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Crude Oil Falls on Dollar Advance, Speculation of Supply Gains

By Christian Schmollinger and Ben Sharples

July 6 (Bloomberg) — Crude oil fell to the lowest in five weeks on a stronger dollar and speculation U.S. fuel inventories will increase as the recession curbs demand in the world’s biggest energy-consuming country.

Oil and commodities including gold declined as the dollar climbed against the euro, limiting investor appetite for assets to hedge against inflation. Eighteen of 37 analysts surveyed by Bloomberg News, or 49 percent, said oil futures will decline through July 10.

“The dollar has strengthened and that means weaker crude oil,” said Anthony Nunan, an assistant general manager for risk management at Mitsubishi Corp. in Tokyo. “You look at the prompt fundamentals as viewed by the inventories and they are still very high, especially for products.”

Crude oil for August delivery fell as much as $2.08, or 3.1 percent, to $64.65 a barrel on the New York Mercantile Exchange, the lowest intraday price since May 29. Oil was at $64.90 at 2:42 p.m. Singapore time. Electronic trades from July 3 are counted as part of today’s session because of the U.S. Independence Day holiday that closed floor activity.

A rising dollar reduces the attraction of raw materials such as oil and gold. The dollar traded at $1.3953 per euro from $1.3980. The dollar has risen since July 2 after worse-than- expected U.S. non-farm payroll data.

“The U.S. dollar is a bit firmer this morning and that is probably hurting the oil price,” said David Moore, a commodity strategist at Commonwealth Bank of Australia. “There may be a bit of a follow through after the poor employment report from the U.S., which has left people more cautious about the outlook for the economy.”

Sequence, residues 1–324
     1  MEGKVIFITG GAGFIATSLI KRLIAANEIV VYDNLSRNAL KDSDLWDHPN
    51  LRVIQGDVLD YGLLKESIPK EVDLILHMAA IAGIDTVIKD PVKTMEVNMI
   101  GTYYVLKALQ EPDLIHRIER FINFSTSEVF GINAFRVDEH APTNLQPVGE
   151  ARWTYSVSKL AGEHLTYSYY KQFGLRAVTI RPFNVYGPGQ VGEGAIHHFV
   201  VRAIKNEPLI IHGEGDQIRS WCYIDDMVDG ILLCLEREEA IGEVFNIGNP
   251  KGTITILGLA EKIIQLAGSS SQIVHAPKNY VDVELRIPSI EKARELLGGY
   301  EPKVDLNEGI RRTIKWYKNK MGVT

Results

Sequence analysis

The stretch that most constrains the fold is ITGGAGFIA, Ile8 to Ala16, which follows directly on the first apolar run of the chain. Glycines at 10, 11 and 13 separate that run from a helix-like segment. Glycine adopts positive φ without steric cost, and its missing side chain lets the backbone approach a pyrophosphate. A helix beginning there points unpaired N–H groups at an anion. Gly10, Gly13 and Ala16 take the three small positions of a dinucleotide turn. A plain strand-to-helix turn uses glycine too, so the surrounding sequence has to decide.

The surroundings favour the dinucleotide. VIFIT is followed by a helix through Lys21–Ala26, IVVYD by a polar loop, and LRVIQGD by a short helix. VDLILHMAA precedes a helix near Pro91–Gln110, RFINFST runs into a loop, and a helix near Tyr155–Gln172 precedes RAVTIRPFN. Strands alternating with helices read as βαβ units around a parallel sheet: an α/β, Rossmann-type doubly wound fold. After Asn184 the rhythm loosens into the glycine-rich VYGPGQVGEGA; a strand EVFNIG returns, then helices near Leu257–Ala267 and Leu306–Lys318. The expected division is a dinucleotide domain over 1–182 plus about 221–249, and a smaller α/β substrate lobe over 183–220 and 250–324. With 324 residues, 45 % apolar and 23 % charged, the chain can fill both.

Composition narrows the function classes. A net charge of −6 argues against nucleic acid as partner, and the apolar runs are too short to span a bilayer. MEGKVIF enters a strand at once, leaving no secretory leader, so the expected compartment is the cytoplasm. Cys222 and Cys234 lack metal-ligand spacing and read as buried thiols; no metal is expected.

Gold for immediate delivery dropped 0.4 percent to $928.59 an ounce at 2:22 p.m. in Singapore.

Chevron Attack

The Movement for the Emancipation of the Niger Delta, the main militant group in Nigeria, said today that it blew up a pipeline operated by Chevron Nigeria Ltd. The bomb destroyed the “strategic Okan manifold” that controls the flow for about 80 percent of the company’s offshore crude oil, according to an e- mail from Jomo Gbomo, a group spokesman.

MEND said yesterday it attacked an oil facility run by Royal Dutch Shell Plc in the country’s southern region.

Armed attacks in the Niger River delta, which accounts for nearly all of Nigeria’s oil, have cut more than 20 percent of the country’s oil exports since 2006. Nigeria is Africa’s leading oil producer and the fifth-biggest source of U.S. oil imports.

“Oil is softer despite news of further disruptions to supply in Nigeria,” Moore said.

Fuel Inventories

U.S. gasoline stockpiles climbed 2.33 million barrels to 211.2 million last week, an Energy Department report on July 1 showed. Inventories of distillate fuel, a category that includes diesel and heating oil, climbed 2.9 million barrels to 155 million, the highest since 1987.

Total daily fuel demand averaged over the four weeks ended June 26 was down 5.8 percent from a year earlier, the Energy Department said. Distillate-fuel demand over the period fell 9.4 percent to 3.4 million barrels a day.

Gasoline for August delivery on the New York Mercantile Exchange declined as much as 4.68 cents, or 2.6 percent, to $1.744 a gallon.

Kuwait Output

Kuwait, the sixth-biggest producer of the Organization of Petroleum Exporting Countries, wants to see oil prices stay above $60 a barrel and will watch the market closely before deciding on its output at OPEC’s meeting in September, the country’s oil minister said yesterday.

“We’d like to see the price not go below a certain level, at least to meet our budgetary target,” Sheikh Ahmed al- Abdullah al-Sabah told reporters yesterday in Kuwait City. That certain level for Kuwait is $60 a barrel, he said.

Saudi Aramco, the world’s largest state-owned oil company, lowered its official selling prices for exports of all crude oil grades to the U.S. in August. The producer raised the level of its Super Light, Extra Light and Light types for sale to Asia and reduced its Medium and Heavy prices, according to an e-mail sent to Bloomberg News.

Brent crude oil for August settlement fell as much as $1.03, or 1.6 percent, to $64.58 a barrel on London’s ICE Futures Europe exchange. It was at $64.68 a barrel at 2:45 p.m. Singapore time.

To contact the reporters on this story: Christian Schmollinger in Singapore at [email protected]; Ben Sharples in Melbourne at [email protected].

Last Updated: July 6, 2009 02:47 EDT and its sister non-profit websites,,,,,, and are owned by John Donovan. There is also a Wikipedia feature.

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